My teacher in San Pedro was a nice and funny indigenous 25-year-old girl. She taught me a lot about the culture in San Pedro and the relationship between men and women. She was quite the feminists (even though I could not really explain the word to her). Her husband would not allow her to visit the Mayan temples in Tikal. She is secretly saving money to go and she told her husband ‘I don’t care if you leave me when I come back’. Before women weren’t allowed to work, now a lot of woman work but have to cook, take care of the kids plus household without the help of their husband.

I really enjoyed staying with the family, the mom was so sweet! She is just a super cute, small lady; for the first time in my life I was tall! Most indigenous people came up to my shoulder or a bit above. The family consisted out of a mother, daughter of 15, daughter of 12, grandpa who was mostly in his own room and the dad I never saw, he is a priest and he was working somewhere else.

The family was very patient with my non existing Spanish. The oldest daughter spoke a bit of English, so she could translate for me. By staying at a family you can really practice your Spanish after school. You get to see how people live and learn so much about their culture. On the last day I bought them a cake. I went to de bakery and wrote down all the information. My name, the time I would pick it up, the price we agreed on. When I picked it up my name was written on the cake, this confirmed I still had a lot to learn…

Activities in and around San Pedro. I took a boat to San Marcos this is a little hippie town. The food at ll Giardion is really good and veggies only, yay. There are a lot of cute restaurants with great food. Go to the trampoline and jump of the cliff at 7m high, it is really fun! A bit further down you can chill on the rocks and rope swing yourself into the water, the entrance is a dollar or so. In the weekend you can stroll trough the markets of Santiago.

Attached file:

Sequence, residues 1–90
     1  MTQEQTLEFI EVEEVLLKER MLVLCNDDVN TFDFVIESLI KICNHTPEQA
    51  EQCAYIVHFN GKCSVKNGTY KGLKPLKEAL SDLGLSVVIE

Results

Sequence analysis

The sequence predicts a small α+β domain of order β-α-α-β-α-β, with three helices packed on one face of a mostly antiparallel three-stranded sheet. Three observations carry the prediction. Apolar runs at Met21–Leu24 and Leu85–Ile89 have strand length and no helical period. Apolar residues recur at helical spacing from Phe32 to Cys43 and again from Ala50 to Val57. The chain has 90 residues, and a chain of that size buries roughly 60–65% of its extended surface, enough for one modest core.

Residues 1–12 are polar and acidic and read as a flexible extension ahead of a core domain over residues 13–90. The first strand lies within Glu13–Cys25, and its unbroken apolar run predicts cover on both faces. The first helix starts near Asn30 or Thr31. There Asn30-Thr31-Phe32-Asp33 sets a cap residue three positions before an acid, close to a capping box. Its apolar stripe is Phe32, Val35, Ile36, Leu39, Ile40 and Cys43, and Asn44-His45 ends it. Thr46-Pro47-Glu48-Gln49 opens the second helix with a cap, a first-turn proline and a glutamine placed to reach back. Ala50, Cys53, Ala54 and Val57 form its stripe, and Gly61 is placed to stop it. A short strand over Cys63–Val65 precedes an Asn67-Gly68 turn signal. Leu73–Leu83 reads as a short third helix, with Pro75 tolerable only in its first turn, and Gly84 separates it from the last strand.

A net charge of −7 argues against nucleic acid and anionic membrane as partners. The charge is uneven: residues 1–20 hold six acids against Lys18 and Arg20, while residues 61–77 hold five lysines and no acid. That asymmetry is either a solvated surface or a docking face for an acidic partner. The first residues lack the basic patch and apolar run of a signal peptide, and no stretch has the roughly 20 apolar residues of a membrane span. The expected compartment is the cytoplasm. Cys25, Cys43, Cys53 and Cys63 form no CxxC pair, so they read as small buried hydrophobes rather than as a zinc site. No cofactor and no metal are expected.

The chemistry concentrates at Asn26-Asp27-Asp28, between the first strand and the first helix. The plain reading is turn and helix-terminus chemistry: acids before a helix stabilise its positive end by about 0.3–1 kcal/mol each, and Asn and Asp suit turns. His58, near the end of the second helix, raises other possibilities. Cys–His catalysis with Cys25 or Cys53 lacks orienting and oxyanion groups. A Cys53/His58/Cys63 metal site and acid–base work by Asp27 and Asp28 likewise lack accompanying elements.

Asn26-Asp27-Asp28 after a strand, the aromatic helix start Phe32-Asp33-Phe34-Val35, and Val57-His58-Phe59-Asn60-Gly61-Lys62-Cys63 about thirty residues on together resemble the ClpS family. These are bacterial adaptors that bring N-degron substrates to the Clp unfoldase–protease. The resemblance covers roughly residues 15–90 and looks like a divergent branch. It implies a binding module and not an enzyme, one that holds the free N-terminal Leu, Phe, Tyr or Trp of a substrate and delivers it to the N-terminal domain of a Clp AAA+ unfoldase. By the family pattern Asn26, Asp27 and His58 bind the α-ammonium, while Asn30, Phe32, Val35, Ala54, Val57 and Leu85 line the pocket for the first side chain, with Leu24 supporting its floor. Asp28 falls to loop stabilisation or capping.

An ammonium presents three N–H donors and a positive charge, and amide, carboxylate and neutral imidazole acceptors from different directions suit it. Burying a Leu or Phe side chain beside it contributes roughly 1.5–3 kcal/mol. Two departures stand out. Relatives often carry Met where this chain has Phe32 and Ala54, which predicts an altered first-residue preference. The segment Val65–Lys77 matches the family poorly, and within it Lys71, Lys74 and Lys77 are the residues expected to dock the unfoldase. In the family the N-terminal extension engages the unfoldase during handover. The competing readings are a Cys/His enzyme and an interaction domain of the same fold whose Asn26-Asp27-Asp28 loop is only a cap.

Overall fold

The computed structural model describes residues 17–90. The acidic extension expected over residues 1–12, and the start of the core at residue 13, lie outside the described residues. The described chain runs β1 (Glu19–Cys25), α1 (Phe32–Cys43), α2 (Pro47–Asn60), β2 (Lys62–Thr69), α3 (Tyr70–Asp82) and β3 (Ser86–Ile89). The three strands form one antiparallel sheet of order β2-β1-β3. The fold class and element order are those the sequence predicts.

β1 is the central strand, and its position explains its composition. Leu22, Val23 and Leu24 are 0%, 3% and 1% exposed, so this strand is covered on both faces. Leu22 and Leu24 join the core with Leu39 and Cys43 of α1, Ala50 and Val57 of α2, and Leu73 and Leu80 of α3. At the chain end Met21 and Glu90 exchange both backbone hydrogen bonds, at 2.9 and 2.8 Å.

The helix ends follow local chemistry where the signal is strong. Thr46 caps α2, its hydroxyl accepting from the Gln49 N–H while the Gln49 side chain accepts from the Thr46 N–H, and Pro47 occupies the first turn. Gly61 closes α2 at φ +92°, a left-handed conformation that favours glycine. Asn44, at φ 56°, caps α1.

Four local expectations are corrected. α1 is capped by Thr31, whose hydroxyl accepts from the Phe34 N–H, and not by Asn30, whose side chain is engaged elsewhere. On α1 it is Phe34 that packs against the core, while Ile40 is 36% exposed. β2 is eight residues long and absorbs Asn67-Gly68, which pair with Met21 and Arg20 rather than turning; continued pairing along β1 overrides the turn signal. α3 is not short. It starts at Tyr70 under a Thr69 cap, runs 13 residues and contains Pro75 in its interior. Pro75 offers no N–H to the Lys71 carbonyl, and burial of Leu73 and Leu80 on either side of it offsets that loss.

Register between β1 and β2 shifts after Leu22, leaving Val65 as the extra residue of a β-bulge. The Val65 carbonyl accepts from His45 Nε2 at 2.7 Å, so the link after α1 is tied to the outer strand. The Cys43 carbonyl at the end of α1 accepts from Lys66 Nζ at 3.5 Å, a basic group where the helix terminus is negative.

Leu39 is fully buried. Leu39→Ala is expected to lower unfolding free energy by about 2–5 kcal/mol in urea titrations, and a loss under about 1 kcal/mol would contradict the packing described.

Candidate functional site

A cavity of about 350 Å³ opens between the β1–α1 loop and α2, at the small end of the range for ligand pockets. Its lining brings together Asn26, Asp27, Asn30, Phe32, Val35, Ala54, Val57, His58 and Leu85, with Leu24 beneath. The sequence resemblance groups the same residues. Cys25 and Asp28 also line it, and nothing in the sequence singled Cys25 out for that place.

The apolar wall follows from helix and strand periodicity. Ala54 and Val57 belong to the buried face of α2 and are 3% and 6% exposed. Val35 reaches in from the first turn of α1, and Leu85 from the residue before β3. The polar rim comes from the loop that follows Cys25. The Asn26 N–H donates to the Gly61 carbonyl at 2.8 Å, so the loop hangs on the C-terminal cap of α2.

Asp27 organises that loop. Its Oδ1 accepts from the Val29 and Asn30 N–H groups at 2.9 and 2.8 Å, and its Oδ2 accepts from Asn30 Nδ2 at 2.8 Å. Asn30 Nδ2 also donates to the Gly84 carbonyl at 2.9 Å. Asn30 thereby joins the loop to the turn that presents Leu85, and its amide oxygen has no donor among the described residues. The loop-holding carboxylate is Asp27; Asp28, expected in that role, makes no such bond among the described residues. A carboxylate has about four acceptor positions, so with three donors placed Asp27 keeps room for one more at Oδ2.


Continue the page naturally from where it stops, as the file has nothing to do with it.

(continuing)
Me and my friend got up around 3.00 AM to go to Indian Nose. With our tour operator we went on a bus to the mountain and we hiked of a bit, max one hour. On the mountain we watched the sunrise. This was so special an beautiful! There are many tour operators in San Pedro, you will find them in gringo town.

Go to Panamachel for a bit of action! There is a beautiful park where you can zipline, they offer three different heights, we took the lowest one. Mostly because the hike up is quite though for a #unfitgirl. I was nervous before going but it is sooo much fun! You can look over the lake when you’re sliding down to the other side. I felt kinda bad ass for doing it. Compared to other countries it is really cheap, I think we paid around 35$.

San Pedro is a safe place, everyone is quite friendly. After dark the streets get empty but I haven’t experienced or heard anything bad going on. The only thing you need to watch out for are the dogs, there are many. These dog are not so friendly especially in small allies. I almost got attacked, it was super scary. Luckily I did not get bitten. A friend of mine got chased by dogs when coming home drunk form a party. Just keep an eye out, and you will be totally fine in San Pedro.


Top 3 Activities

Indian Nose

Indian Nose

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Party at Sublime

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Take boat trips around the lake

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Top 3 Restaurants


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La terraza 

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Travalas Friendly        

Travalas friendly 

Favorite travel quote

‘Never stop doing things for the first time’